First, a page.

They’re not the most affordable easels, as their price ranges from $300 to $1800.

 

 

6.   Convertible Easel

A convertible easel will give you the best of both worlds. It’s an easel that you can set vertically or horizontally without any issues. Why would you need both options anyways?

If you’re working with watercolors, you’ll need a horizontal surface. On the other hand, if you’re working with acrylic or oil, you’ll need an upright surface.

A convertible easel will allow you to switch between media as you please, and it’ll also provide the stability you’ll need. It’s the most flexible option on the list.

They demand wide working spaces, and they go from $90 to $750. Multi-Function Studio Easel is among the best convertible easels since it comes with 4 large knobs to adjust the easel easily.

 

 

7.   French Easel

If you like painting Plein air then that should be your perfect easel. A French easel is lightweight so you can carry it easily from one location to another. It’s also stable, thanks to the tripod legs.

Most french easels come with a drawer and a shelf to carry everything you’ll need. Moreover, some brands take things to the next level and produce french easels with a canvas carrier.

A lighter model of the french easel is the field easel, it’s basically the same but without storage. The only drawback I find here is that french easels aren’t too stable, however, you can opt for one with aluminum legs like the Conda Easel.

You can purchase any portable easel for as cheap as $17 up to $500.

 

 

8.   Bench Easel

What if I told you that you can have an easel and a chair both in one? That’s exactly a bench easel. It’s an easel with a connected bench, so it’s suitable if you’re drawing on-site and you don’t want to pack an extra chair.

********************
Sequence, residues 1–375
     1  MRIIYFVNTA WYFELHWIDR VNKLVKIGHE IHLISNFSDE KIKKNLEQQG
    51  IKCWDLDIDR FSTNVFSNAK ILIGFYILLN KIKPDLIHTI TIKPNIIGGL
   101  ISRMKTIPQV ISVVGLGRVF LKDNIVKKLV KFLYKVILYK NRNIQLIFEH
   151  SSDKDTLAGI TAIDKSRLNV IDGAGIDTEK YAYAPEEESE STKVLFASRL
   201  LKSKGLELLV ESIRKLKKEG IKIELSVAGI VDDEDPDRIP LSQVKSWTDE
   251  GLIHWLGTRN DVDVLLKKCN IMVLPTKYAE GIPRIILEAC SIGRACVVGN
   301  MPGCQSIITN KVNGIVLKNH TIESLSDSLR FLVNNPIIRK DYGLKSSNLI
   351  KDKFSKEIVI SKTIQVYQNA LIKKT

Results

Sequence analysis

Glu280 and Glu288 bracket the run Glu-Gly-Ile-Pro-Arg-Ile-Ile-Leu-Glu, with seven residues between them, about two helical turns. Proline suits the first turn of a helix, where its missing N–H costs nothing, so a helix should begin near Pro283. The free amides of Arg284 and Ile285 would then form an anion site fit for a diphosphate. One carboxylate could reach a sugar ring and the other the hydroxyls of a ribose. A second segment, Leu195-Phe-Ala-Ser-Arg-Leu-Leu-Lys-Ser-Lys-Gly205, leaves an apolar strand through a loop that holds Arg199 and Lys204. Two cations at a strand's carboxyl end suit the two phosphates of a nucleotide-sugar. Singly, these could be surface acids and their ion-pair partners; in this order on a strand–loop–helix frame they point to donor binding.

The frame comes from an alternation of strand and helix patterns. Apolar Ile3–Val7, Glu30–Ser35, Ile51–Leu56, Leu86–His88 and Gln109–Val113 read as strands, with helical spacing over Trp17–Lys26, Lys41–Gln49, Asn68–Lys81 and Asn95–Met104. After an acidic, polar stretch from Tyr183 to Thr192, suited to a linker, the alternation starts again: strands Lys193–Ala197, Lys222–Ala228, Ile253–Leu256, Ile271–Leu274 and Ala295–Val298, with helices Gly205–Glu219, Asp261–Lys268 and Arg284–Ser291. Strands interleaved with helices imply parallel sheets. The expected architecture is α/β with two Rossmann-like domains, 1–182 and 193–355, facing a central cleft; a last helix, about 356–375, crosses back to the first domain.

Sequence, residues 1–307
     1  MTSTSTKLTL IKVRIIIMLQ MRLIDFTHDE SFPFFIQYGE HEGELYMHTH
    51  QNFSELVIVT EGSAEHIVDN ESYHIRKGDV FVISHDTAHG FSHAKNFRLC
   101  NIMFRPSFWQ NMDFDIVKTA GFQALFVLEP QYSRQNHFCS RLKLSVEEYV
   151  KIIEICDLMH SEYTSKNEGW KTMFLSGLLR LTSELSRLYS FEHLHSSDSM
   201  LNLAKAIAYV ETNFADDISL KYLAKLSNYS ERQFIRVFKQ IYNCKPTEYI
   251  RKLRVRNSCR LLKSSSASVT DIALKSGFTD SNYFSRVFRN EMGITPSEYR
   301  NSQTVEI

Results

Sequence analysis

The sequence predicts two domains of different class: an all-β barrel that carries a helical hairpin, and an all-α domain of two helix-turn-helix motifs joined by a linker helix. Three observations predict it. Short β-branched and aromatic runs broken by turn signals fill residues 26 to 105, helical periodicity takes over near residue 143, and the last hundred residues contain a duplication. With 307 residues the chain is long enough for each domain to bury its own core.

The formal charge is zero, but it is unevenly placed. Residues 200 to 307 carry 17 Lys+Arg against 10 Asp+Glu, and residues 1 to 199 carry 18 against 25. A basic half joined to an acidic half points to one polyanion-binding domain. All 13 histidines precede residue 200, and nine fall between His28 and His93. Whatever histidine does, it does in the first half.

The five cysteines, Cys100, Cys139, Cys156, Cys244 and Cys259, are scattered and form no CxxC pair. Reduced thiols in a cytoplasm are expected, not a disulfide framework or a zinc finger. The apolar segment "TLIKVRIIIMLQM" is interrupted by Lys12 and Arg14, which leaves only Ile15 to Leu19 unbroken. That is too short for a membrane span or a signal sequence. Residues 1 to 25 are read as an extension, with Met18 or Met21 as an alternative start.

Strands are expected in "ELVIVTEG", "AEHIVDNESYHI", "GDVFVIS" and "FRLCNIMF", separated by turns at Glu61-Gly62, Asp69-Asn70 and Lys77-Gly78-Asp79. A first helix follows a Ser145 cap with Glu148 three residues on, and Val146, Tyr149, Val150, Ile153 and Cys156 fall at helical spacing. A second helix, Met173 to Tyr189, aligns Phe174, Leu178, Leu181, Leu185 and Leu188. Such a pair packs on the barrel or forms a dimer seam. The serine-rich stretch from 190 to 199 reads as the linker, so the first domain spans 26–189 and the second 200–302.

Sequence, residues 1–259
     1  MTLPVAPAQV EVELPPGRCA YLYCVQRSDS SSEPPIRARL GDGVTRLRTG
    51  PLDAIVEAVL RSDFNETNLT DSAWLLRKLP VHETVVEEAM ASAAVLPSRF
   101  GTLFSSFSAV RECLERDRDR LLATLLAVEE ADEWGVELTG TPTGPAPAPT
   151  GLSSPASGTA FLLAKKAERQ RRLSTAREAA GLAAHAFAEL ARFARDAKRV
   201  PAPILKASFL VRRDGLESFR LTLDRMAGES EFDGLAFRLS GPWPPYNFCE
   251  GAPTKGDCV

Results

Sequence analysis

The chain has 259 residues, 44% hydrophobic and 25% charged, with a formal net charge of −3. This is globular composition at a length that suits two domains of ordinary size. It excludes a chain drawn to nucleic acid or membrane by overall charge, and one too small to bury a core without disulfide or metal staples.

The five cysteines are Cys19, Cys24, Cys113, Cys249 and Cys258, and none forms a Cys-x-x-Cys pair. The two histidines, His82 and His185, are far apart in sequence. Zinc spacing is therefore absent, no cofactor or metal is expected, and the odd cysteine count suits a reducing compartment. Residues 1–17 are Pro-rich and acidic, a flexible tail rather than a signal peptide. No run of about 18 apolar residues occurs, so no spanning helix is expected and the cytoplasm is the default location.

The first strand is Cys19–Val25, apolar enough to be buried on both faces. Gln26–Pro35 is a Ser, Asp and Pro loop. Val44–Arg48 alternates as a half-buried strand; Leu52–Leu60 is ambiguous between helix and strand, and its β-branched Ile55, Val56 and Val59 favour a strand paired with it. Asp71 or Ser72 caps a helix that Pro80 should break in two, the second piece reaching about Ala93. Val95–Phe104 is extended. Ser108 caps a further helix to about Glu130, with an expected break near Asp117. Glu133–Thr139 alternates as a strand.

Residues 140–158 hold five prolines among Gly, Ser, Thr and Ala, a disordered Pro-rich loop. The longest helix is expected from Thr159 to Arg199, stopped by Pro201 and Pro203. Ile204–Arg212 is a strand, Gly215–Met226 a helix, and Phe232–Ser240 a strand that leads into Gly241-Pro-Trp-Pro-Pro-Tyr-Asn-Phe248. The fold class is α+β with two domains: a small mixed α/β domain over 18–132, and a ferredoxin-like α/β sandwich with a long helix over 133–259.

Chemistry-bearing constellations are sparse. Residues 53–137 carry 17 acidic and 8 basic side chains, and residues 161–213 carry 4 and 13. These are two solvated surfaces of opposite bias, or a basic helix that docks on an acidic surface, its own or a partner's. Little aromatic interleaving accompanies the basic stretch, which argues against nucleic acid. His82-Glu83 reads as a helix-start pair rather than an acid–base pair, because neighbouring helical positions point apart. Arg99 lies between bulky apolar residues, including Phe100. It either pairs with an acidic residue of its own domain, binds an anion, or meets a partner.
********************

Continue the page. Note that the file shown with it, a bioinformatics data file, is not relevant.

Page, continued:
Moreover, some models include a drawer to help you take your tools with you. The bench easel is quite common in art schools, and it requires a wide area to assemble the easel and the bench.

Bench easels come at a reasonable price, as you’ll need from $230 to $400 to buy one.

 

 

9.   Display Easel

This is the only easel on the list that’s not suitable for drawing. What is it for then? Display. If you have a gallery, or you need to display your paintings somewhere, then that’s your easel.

All this easel has to do is to represent your art in an aesthetically-pleasing way. That’s why it might come in unusual shapes. Most display easels are lightweight and portable.

In addition to that, they come handy if you want to leave a canvas there to dry while working on another one on your regular easel.

They can be flimsy, but it’s totally fine since you won’t use them for drawing. You can purchase them from $17 to $400.

I like the E-870 Display Easel because besides being lightweight, it has non-skid feet.

 

 

10.   Children’s Easel

Those little artists have an easel of their own. Children’s easels are adjustable so that they can last with your kid as they grow. Most of them don’t support canvas like regular easels, since they come with a chalkboard, whiteboard, or even paper roll.

Some of the children’s easels come with extras like clocks or counters for kids’ entertainment. You’re most likely to find them in nurseries. They have 4 legs for stability, and sometimes they come in double sides, like Magicfly kids Easel.

As for price, children’s easels vary, from $35 to $400.

 

 

Final Thoughts – Types of art easels

 

That was all on the types of art easels. With 10 different types, you know you’ll find something that suits your needs.

That’s what I love about easels, there’s one for every phase. A single mast, to begin with, an A-frame to upgrade, then an H-frame, or even a convertible one.

Now it’s your turn to pick your type and start painting.  If you need to grab a fresh paint by number, check out our shop here.